Now THAT is cool.
The recent discovery of the FTO obesity gene revolutionized the way we look at the human body, especially when it comes to weight. But maybe we shouldn’t have let it change our views quite so much…
THIS META-ANALYSIS shows that even if you have the FTO gene that predisposes you to obesity, exercise can reduce the effects of this gene in adults by as much as 30%.
We’re finding more and more that most conditions are the result of an interaction between genes and the environment. That is, the presence of a certain gene is required in order to have the condition, but that gene must still be turned on or off by some environmental factor (e.g., diet or exercise, or lack thereof…) in order for the condition to manifest itself. It appears the same is true of obesity.
While genetics and good nutrition will always be the backbones for healthy levels of body fat, exercise does play a significant role in the development of obesity in adults.
So make like Jeremy Lin and get moving!
It’s sad that health isn’t motivation enough and it takes financial incentive to get people to exercise, but I have to admit that Gym-Pact.com is a good idea.
How does it work? Here’s an excerpt from a recent New York Times article that explains the gist:
For starters, you need to have an iPhone to use the service, though it will soon be available on Android and HTML5 devices.
When you sign up, you’ll need to decide how many days a week you want to go the gym, along with what sort of penalty you will be slapped with if you’re too lazy to get there. You need to commit to at least one day a week for 30 minutes, with a minimum penalty of $5 for every missed visit. Gym-Pact’s average user commits to three days a week.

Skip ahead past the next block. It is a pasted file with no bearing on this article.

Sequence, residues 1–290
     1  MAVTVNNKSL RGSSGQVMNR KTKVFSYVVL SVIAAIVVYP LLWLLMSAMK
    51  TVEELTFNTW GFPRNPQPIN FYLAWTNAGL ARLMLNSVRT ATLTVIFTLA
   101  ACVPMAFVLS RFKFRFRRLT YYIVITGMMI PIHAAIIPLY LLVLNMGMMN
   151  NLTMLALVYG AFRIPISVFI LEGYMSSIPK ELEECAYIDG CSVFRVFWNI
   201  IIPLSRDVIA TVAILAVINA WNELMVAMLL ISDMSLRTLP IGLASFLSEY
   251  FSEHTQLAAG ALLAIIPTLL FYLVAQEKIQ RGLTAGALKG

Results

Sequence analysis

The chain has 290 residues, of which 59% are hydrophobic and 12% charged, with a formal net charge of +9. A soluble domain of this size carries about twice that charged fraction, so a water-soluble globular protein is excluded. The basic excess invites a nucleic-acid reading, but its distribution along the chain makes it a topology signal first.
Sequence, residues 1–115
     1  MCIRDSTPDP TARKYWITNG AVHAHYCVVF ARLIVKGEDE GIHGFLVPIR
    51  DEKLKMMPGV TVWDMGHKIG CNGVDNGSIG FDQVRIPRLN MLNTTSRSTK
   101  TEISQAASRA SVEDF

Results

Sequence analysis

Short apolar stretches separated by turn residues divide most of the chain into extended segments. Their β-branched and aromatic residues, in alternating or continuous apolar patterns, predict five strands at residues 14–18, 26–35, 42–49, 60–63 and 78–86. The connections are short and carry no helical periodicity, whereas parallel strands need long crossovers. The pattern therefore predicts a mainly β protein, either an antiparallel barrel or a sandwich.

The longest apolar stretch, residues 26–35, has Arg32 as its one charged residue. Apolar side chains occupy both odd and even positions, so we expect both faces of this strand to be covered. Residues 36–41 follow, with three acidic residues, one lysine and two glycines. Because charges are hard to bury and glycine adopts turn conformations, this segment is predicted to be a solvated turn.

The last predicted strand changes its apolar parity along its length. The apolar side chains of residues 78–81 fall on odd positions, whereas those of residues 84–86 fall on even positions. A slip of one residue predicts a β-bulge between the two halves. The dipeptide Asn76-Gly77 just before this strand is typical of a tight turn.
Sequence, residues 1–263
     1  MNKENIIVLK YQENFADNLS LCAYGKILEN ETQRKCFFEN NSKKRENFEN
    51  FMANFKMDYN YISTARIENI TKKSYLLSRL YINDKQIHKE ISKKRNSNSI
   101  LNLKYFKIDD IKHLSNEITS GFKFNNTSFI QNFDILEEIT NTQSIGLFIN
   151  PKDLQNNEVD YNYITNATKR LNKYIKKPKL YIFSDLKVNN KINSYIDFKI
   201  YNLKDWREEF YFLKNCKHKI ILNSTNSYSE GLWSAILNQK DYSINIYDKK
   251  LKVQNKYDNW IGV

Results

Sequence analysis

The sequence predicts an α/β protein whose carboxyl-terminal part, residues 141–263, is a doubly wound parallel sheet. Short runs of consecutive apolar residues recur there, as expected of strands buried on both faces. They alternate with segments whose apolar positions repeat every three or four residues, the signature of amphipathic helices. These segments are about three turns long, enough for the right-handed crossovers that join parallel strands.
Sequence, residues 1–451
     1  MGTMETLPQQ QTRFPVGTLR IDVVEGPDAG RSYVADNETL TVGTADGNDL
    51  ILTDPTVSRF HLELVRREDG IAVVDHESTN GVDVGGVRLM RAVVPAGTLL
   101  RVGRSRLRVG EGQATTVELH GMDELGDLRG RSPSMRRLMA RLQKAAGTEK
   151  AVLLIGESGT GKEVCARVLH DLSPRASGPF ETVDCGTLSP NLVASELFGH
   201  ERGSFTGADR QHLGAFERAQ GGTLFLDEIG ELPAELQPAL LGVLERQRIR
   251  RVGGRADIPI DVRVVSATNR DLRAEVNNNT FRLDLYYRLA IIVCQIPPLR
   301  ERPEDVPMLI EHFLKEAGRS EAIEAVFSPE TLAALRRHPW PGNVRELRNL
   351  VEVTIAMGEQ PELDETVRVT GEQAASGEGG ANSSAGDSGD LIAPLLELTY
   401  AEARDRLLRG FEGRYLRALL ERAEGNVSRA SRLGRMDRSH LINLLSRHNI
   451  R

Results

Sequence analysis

How does it know if you show up? Given that your smart phone knows where you are at all times, it also able to track if you’ve hit the gym. Gym-Pact has more than 40,000 gyms in its database — or more than 70 percent of gyms — and they said you can easily add your own (as long as it’s not a workout room in, say, your basement).
Once you’ve downloaded the app to your phone, you hit the check-in button every time you arrive, and it will confirm your location. And if you leave before the required 30 minute workout, you’ll get an audible pop-up warning you that your workout will be canceled if you don’t go back and sweat it out for full visit.
If you fail to get to the gym altogether, the credit card that the company keeps on file will be charged $5 per visit (or more, if you raised the stakes above the minimum).
But if you do satisfy your agreement, you will be rewarded with cash, which comes from your lazier peers who did not meet their commitments. The money is funneled into a PayPal account, and you can withdraw your winnings once they reach $10 (the company deducts a $1 fee every time you pull money out, though they may eventually charge a percentage of your earnings).
So, what you actually end up earning depends on how much other people slack off, and how many times you don’t.